Wall Street, for one, seems to place its bets on Gilead, thanks to its thus-far unbeatable sofosbuvir. From a low of $16.66 in mid-2010, the pharmaceutical company’s stock price has risen almost exponentially. Following the LONESTAR announcement, the stock hit its highest price ever of $55.81, having more than doubled in a year.

Andrew Aronsohn, MD, an assistant professor of medicine at the University of Chicago Medical Center, argues that it’s “still too premature” to read the hep C treatment tea leaves. “I think Gilead is certainly the front-runner,” he acknowledges. “But I think there are a lot of other companies that have very promising agents. Time will tell. You can only learn so much from clinical trials. Real world experience is going to show us what the true winners are going to be.”

Jules Levin, founder and executive director of the National AIDS Treatment Advocacy Project, is also still hedging his bets, pointing out that, thus far, drug companies have only produced Phase II results about interferon-free regimens.

In fierce competition with Gilead are the pharmaceutical companies AbbVie and Bristol-Myers Squibb.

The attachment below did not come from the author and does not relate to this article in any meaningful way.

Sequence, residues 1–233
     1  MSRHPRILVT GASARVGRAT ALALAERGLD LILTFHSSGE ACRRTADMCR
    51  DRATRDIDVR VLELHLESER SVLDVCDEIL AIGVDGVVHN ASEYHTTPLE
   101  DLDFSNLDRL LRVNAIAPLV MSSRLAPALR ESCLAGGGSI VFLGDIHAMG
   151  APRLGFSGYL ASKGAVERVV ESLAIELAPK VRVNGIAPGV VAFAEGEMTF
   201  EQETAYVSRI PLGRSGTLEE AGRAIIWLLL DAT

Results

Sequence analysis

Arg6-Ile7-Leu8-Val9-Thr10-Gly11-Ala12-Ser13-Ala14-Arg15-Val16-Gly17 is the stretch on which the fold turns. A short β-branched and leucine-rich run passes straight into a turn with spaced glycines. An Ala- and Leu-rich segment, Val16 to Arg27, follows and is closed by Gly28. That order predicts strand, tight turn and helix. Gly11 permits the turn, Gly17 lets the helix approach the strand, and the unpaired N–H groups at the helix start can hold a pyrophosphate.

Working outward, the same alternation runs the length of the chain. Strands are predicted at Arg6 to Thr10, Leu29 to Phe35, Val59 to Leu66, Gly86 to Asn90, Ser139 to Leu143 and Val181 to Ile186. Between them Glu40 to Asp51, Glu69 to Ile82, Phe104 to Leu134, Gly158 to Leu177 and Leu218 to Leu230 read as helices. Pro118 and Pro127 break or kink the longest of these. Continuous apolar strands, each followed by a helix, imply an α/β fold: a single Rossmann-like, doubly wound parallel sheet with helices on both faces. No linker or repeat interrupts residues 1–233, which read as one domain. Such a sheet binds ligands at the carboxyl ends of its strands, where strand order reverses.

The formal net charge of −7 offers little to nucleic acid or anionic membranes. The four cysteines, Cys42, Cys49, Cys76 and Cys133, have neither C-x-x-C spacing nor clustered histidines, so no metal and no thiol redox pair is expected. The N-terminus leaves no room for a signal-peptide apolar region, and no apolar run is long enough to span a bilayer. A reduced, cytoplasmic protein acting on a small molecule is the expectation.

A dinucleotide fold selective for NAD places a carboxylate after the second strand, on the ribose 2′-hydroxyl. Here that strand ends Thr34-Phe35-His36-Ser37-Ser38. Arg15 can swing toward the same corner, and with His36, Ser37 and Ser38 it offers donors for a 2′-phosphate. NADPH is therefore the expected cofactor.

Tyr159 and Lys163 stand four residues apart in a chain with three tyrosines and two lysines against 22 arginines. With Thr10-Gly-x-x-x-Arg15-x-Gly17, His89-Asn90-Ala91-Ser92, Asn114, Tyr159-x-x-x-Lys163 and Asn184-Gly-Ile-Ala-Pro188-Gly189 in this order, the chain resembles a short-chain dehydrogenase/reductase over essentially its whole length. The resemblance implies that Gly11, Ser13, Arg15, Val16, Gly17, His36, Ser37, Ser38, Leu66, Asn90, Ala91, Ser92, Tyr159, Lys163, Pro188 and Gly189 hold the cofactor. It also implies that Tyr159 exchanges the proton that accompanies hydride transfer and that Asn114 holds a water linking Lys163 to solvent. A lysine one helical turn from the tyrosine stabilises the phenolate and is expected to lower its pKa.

In a move that has rankled hep C advocates, Gilead hasn’t pursued further study of sofosbuvir and BMS’s replication complex inhibitor daclatasvir in combination, despite 100 percent cure rates in recent studies. But, if BMS can release daclatasvir quickly enough, even though it will not be FDA-approved as a combination therapy with sofosbuvir, clinicians may prescribe the drugs together “off-label,” using available clinical trial data to both guide their prescribing and to convince insurers to pay.

Meanwhile, BMS is developing a triple combination of daclatasvir, asunaprevir and BMS-791325, which cured 88 to 94 percent of treatment-naive people with genotype 1 of hep C in a Phase II trial that was presented at EASL, a European meeting of liver specialists. Those figures are actually depressed somewhat because most of those who were not cured either discontinued therapy or were lost to follow-up. BMS intends to move these drugs, which are given without interferon or ribavirin, into Phase III trials by later this year. The process will be sped along thanks to the FDA giving “breakthrough” status to the combination treatment, allowing a faster review process and a potentially shortened clinical trial period. The company also intends to file for a dual therapy of daclatasvir and asunaprevir, given with ribavirin, during the first half of 2014.